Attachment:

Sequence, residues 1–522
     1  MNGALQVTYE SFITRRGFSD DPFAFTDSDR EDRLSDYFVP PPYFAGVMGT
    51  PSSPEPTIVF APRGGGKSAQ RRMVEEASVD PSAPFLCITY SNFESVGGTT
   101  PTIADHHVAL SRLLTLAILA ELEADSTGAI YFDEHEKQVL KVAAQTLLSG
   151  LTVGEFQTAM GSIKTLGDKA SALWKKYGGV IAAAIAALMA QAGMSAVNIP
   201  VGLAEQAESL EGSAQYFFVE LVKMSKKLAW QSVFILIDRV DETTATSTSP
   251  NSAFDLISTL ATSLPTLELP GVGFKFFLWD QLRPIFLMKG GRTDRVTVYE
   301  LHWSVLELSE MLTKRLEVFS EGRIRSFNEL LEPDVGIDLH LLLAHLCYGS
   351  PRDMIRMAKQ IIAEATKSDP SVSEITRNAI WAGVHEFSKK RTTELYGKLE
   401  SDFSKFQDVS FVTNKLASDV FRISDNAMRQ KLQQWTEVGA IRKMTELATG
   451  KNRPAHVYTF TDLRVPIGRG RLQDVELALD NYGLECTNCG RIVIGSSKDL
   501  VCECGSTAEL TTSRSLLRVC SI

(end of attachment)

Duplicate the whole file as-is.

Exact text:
Sequence, residues 1–522
     1  MNGALQVTYE SFITRRGFSD DPFAFTDSDR EDRLSDYFVP PPYFAGVMGT
    51  PSSPEPTIVF APRGGGKSAQ RRMVEEASVD PSAPFLCITY SNFESVGGTT
   101  PTIADHHVAL SRLLTLAILA ELEADSTGAI YFDEHEKQVL KVAAQTLLSG
   151  LTVGEFQTAM GSIKTLGDKA SALWKKYGGV IAAAIAALMA QAGMSAVNIP
   201  VGLAEQAESL EGSAQYFFVE LVKMSKKLAW QSVFILIDRV DETTATSTSP
   251  NSAFDLISTL ATSLPTLELP GVGFKFFLWD QLRPIFLMKG GRTDRVTVYE
   301  LHWSVLELSE MLTKRLEVFS EGRIRSFNEL LEPDVGIDLH LLLAHLCYGS
   351  PRDMIRMAKQ IIAEATKSDP SVSEITRNAI WAGVHEFSKK RTTELYGKLE
   401  SDFSKFQDVS FVTNKLASDV FRISDNAMRQ KLQQWTEVGA IRKMTELATG
   451  KNRPAHVYTF TDLRVPIGRG RLQDVELALD NYGLECTNCG RIVIGSSKDL
   501  VCECGSTAEL TTSRSLLRVC SI